Artifacts reveal skills in creating ceramics

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Jessica Cosmas


Sunday, June 24, 2018

One of my favorite artifacts featured in the Museum of the Albemarle’s newest exhibition, “River Bridge: Sunken Secrets,” is a small bowl that most likely dates to the first-half of the 19th century.

At that time, domestic ceramics were being produced in British factories and being exported to the American colonies. My chosen piece may have originated in Staffordshire, England, traveling over 3,000 miles to reach North Carolina.

The transformation of a lump of clay to a household staple relied on a series of skilled artisans. Each craftsman was well-versed in one-step of a labored process. It began by kneading the clay to expel any trapped air that could compromise its structure. Next, the clay moves to the wheel where the potter must pump their leg to power the mechanic revolutions. All the while, wetting the clay to a workable mud and finding the sopping mass’ center of gravity so clay may be evenly distributed into a symmetrical bowl.

My preferred bowl cuts an elegant shape. Straight sides taper down to a pronounced base that curves further inwards towards a rounded foot ring.

Once dried to a leather hardness, the object passed to yet another set of hands which imparted character with a capricious design scheme — a technique now known to collectors as the cat’s eye.

These curious swirls of periwinkle, black, and pumpkin pop against a wide swath of butter yellow. Two black bands stretch across the bowl’s widest point. These decorations were made with slip, a clay saturated with water until its texture is like that of heavy cream.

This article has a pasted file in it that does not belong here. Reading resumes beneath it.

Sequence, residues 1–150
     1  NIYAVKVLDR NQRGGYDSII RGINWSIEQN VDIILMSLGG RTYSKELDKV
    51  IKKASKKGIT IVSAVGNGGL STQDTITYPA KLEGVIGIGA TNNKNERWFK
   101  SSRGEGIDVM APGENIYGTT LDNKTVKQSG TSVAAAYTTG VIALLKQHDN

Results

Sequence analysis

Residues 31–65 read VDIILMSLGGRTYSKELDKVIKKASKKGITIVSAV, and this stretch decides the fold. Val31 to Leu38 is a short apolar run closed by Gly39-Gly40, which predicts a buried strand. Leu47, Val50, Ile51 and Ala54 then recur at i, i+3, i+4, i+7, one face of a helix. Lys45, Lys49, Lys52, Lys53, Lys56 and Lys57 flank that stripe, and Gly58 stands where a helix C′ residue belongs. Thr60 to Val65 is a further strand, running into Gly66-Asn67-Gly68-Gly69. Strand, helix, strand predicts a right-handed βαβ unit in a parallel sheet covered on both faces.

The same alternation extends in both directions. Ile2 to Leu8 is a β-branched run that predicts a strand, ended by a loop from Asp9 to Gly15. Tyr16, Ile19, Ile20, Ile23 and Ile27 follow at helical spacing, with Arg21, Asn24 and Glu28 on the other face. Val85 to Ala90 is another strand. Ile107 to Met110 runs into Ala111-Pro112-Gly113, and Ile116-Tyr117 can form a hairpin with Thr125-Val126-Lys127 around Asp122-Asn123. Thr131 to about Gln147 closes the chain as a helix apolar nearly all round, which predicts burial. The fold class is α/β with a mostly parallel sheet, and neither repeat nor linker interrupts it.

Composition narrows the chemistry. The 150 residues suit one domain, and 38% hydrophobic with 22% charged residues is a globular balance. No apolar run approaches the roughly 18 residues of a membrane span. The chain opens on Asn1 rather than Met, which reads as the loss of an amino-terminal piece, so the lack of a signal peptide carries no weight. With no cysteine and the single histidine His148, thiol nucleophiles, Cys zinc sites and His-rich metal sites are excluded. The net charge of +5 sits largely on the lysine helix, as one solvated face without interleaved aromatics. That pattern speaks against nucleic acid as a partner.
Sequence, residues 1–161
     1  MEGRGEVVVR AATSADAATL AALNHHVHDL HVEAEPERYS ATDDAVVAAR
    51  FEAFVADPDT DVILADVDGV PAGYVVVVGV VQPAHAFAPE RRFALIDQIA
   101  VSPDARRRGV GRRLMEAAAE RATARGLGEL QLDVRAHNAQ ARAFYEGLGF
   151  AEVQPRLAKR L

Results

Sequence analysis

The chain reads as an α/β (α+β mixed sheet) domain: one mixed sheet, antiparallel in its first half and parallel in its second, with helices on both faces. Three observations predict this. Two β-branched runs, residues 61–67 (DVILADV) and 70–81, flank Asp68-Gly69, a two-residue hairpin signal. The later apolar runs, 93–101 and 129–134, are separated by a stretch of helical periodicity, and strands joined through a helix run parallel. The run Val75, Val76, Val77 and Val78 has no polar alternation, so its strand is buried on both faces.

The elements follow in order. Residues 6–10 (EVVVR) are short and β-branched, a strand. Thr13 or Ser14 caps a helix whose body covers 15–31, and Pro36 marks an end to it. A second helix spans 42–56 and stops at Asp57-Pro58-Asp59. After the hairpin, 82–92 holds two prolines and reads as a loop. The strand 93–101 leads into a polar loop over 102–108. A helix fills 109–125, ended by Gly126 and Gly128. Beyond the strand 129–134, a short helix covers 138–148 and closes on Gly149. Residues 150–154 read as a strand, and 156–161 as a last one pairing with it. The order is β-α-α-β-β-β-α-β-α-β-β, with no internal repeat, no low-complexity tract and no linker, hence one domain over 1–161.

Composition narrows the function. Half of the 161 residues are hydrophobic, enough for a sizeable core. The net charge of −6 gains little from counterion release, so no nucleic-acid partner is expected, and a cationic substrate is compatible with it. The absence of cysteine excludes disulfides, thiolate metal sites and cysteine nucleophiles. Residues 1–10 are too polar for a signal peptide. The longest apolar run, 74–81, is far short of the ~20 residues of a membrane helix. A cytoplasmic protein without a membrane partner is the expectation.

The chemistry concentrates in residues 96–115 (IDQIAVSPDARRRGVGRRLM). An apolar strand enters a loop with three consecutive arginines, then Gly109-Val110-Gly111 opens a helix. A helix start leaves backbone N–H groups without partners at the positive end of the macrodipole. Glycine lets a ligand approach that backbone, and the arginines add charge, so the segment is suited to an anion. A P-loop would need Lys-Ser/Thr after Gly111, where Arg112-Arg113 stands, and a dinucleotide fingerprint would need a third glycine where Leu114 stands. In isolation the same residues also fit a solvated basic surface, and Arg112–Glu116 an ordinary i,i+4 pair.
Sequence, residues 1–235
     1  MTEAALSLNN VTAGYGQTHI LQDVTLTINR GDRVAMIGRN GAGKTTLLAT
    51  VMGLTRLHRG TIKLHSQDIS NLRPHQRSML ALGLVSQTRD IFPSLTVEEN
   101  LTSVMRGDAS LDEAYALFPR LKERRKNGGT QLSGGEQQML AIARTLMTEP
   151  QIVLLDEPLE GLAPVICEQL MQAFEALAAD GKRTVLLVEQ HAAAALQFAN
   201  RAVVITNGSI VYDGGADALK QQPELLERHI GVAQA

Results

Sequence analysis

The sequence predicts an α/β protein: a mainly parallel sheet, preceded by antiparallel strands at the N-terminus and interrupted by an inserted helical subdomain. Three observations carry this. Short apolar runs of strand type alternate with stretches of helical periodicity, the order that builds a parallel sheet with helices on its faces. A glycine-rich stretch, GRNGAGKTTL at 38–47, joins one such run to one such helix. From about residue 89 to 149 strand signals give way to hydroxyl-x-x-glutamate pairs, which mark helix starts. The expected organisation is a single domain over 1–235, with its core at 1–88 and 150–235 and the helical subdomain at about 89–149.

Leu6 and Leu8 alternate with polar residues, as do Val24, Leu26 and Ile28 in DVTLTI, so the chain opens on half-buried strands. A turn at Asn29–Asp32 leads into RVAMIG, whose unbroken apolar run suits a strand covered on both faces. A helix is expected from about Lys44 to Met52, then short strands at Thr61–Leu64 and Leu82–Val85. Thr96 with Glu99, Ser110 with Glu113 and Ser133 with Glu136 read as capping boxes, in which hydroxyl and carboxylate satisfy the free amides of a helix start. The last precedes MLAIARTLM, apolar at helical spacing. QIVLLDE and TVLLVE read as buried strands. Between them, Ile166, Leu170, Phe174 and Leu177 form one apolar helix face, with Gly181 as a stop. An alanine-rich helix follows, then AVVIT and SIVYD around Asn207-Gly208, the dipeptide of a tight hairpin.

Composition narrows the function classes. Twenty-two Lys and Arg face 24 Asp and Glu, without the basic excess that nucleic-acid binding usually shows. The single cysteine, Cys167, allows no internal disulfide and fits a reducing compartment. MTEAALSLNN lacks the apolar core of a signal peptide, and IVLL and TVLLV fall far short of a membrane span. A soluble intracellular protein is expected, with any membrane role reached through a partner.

The different colors were achieved by adding certain elements to the slip. A wide range of warm earth hues were realized by including various amounts of iron oxide. Cobalt additions offered blue tones. Iron mixed with manganese resulted in the black color slip. 

The cat’s eye decoration could only be applied with a special multi-chambered slip cup (see image via Ceramics in America). Each chamber was filled with different colored slips that only converged when poured from the single spout. Once dropped onto the dried clay body, the slip quickly set and the piece was ready to be fired in the kiln.

This initial firing, known as bisque-firing, would be monitored to reach just below 2000 degrees Fahrenheit. At that temperature, the white earthenware clay would mature to a durable hardness suitable for everyday use.

Once cooled enough to be safely handled by the potters again, the bowl was dipped in a clear, lead-based glaze. A glazed firing, at slightly higher temperatures, was then executed. This second and final firing set the glaze to ensure the bowl was liquid safe.

Despite the time and effort put into this single bowl, it was considered quite affordable at the time of its production. Historical records indicate that a score of similarly slip decorated wares cost five schillings. In today’s economy that would amount to a little over 10 American dollars for the single cat’s eye bowl. A deal in my opinion!

Jessica Cosmas is an Artifact Collections Specialist at Museum of the Albemarle.